“Online services should be allowed to report the exact number of government data requests received” — implying that Dropbox does receive such requests, obeys, and is not allowed to disclose them.
“Government data requests should be limited to specific people and investigations” — implying that Dropbox receives and obeys blanket requests.
“Governments should never install backdoors into online services or compromise infrastructure to obtain user data” — implying that Dropbox fears and cannot exclude this activity.
Dropbox says it will “work hard to reform these laws”. All of this basically tells us that our data is not safe there, and that this is not the fault of Dropbox.
Similar arguments apply to Google Drive.
Encrypted Cloud Storages
Enter encrypted cloud storages. Mind you, basically every cloud service encrypts the data on their servers. But here we talk about services that encrypt the data with a key that only the user knows. This means that even the service staff cannot access your data — even if they wanted to, and even if the government obliged them.
That sounds great, to be sure. But in all the hype about encryption, be aware what this entails: If you forget your password, there is no way to reset your password. This is because even the service staff does not know it, and without it the data is useless.
This so-called zero-knowledge policy also makes a number of other handy features of Dropbox very hard to implement:
Sharing How can you collaborate with others on a folder if only you know the password of the encrypted data? Your collaborators will each have their own passwords, and the service provider cannot mediate between them, because it is never allowed to see the data in clear.
Link sharing In Dropbox, you can send a link to a file to another person, who can then download the file from the cloud server even if he is not a Dropbox user. How could that be implemented when the server may never see the file in clear?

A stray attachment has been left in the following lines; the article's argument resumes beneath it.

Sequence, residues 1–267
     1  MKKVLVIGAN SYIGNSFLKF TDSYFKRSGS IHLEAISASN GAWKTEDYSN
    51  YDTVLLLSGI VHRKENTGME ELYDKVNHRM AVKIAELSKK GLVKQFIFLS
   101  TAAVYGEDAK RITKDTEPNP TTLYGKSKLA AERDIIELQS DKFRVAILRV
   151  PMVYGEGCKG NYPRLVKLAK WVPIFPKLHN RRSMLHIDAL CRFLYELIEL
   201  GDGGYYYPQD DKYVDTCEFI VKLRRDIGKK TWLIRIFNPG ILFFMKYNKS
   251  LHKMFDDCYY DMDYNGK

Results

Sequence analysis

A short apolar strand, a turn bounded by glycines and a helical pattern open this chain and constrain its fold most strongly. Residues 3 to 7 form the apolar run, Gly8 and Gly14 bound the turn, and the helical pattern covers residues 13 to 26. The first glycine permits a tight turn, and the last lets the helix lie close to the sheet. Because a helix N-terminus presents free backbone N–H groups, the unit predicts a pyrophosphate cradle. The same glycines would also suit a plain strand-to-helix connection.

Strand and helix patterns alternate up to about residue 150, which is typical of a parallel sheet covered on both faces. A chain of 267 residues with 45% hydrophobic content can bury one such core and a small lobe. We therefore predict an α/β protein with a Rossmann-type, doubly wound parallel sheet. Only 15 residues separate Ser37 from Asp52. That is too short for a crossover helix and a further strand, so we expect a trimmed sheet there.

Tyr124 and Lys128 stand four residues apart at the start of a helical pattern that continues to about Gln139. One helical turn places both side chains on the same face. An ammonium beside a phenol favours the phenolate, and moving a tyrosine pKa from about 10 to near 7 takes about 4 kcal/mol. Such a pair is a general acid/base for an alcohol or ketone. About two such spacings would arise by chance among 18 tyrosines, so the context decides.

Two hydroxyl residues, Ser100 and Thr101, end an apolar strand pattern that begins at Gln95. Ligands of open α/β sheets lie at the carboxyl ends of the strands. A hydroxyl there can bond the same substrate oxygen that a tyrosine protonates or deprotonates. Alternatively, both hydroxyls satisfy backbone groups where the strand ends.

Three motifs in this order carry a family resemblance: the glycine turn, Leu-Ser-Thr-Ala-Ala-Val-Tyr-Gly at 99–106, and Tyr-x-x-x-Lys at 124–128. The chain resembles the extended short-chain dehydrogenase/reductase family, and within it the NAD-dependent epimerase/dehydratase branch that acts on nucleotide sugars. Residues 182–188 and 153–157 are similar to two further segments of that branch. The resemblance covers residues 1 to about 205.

Web access Dropbox allows you to access your files from the Web. If this is to run under a zero-knowledge policy, then the entire decryption process has to happen in your browser.
Password changing If you change your password, then all data has to be re-encrypted on your computer, and sent again to the server.
Only very few services that advertise zero-knowledge cloud storage actually provide these features. The much-famed SpiderOak service, for example, provides a Web interface, but then the zero-knowledge model breaks.
Another thing you may want is infinite history of file versions. This is because if a malware should ever overwrite your data, you want to be able to go back to the originals. A finite number of versions is not sufficient, because if the cloud service stores the last n versions of files, the malware can simply overwrite the file n+1 times. A history of several days (as Dropbox provides) is acceptable for this scenario.
If you want two-factor authentication and client-side encryption, you find that Tresorit and Sync.com are nearly your only choices. We will now look at each of them.